How Was Natto Discovered?
Because natto has been around for such a long time, it’s difficult to trace how it was first discovered. Most food historians agree that it was probably an accident, whereby some cooked soybeans were left in a bag made from rice straw and left somewhere warm. There’s speculation it was used as a religious offering too,
Farmers used to make their own natto, before enterprising 'natto vendors' in the Edo period started to pop up. These early natto-makers didn’t understand the role of bacteria in the process, so natto was mainly eaten in autumn and winter when the bacteria grew readily. The first commercial natto seller was set up in the 1800s at a small railway station in Ibaraki prefecture. This led to the establishment of the Natto Manufacturers Association of Tokyo.
How to Make Your Own Natto
Nowadays, making natto is relatively straightforward and budget-friendly, provided you have the right type of natto beans and starter. Natto soybeans are usually smaller and have hard seed coats. You need soybeans, water, a natto spores starter or a package of natto bought from a store, a large cooking pot, a sterilised oven-safe dish with a lid and a kitchen thermometer. A pressure cooker such as an Instant Pot can also be used if you have one.
Wash soybeans under running water and add them to the pot.
Pour fresh water over the soybeans until they’re submerged (about 3 parts water to 1 part beans) and let soak for 9 to 12 hours.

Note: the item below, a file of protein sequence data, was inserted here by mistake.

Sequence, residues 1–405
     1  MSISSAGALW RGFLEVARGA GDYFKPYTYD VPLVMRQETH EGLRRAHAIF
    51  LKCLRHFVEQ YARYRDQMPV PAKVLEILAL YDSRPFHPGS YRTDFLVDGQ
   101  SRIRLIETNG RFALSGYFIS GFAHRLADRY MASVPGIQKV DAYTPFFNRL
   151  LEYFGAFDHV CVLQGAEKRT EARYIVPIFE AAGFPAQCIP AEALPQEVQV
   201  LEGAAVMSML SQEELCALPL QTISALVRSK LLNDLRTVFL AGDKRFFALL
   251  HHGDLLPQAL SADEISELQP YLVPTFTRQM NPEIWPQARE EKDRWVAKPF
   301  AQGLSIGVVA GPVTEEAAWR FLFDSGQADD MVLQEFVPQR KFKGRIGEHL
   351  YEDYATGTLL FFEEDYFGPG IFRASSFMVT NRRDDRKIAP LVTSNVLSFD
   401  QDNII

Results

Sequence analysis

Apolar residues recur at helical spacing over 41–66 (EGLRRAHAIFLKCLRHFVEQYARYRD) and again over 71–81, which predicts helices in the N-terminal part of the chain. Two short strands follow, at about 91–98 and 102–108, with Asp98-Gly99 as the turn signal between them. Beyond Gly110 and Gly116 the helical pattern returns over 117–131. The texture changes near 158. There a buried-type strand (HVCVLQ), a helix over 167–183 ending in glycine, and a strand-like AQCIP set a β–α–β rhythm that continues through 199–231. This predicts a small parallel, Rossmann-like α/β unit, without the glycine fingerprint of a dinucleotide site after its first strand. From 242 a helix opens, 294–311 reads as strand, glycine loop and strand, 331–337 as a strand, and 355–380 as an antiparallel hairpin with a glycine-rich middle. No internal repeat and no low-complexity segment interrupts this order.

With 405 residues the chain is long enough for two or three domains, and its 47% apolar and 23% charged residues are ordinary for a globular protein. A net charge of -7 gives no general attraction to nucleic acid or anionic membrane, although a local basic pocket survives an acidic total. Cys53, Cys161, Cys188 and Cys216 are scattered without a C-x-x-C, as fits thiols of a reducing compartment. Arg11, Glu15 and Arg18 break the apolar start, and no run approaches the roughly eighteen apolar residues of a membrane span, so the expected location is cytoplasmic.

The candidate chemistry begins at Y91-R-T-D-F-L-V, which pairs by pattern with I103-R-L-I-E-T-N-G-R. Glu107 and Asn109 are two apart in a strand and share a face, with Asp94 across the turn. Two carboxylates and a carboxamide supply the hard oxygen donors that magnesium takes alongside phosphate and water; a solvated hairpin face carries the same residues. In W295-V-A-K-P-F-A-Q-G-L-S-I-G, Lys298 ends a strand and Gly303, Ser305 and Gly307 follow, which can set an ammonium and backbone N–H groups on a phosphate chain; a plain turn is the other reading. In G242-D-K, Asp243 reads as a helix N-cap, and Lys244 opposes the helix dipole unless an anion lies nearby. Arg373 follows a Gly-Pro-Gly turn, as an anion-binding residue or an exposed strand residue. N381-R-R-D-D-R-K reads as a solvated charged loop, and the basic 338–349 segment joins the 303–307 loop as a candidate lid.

Drain the beans, add fresh water and boil for around 9 hours (or about 45 minutes if using a pressure cooker).
Once the beans are cooked, drain them and add to the sterilised dish.
Follow the instructions on the packet to add the natto starter, or the natto you’ve already bought, and mix it in with the beans.
Stir the mixture together using a sterilised spoon and make sure that all of the beans come into contact with your natto starter.
Cover the dish and put it in the oven to ferment for 22-24 hours at 100 degrees.
Cool the natto for a couple of hours, then age it in the fridge for around 24 hours before you eat it (it can be aged for as long as 90+ hours, or as little as three hours if you’re in a rush).
Store your leftovers in the freezer if you want to prolong the life of your natto, otherwise keep it in the fridge.
If you don’t feel quite ready to make your own, you can usually pick up ready-made natto at your local Asian supermarket or at health and natural food shops. You canbuy it online too as it’s pretty readily mass produced, though mass produced options often tastequite different to (for want of a better word, since it’s fermented) 'fresh', small batch natto. You can also buy it dried, which has an easier-to-handle flavour profile but doesn’t come with the same health benefits as regular natto does.
One of the other great things about fermented natto is how adaptable it is. It can be added to other dishes like sushi, sandwiches, veggie burgers, pasta, pizza, omelettes, toast or bruschetta to match anyone’s taste. Some people eat natto by itself, but usually it’s eaten with rice or other sides.You can even eat these Japanese fermented beans once they’ve sprouted, making them great as a salad garnish or a side. Natto can be added to a range of Japanese foods like soba, udon, Japanese curry, okonomiyaki, natto miso and tempura.
There are other products made from fermented soy – like tempeh or miso – that are relatively healthy, and easier to find in western restaurants than natto. However, unfermented soy products can sometimes contain harmful compounds, which is why eating fermented soy products makes sense.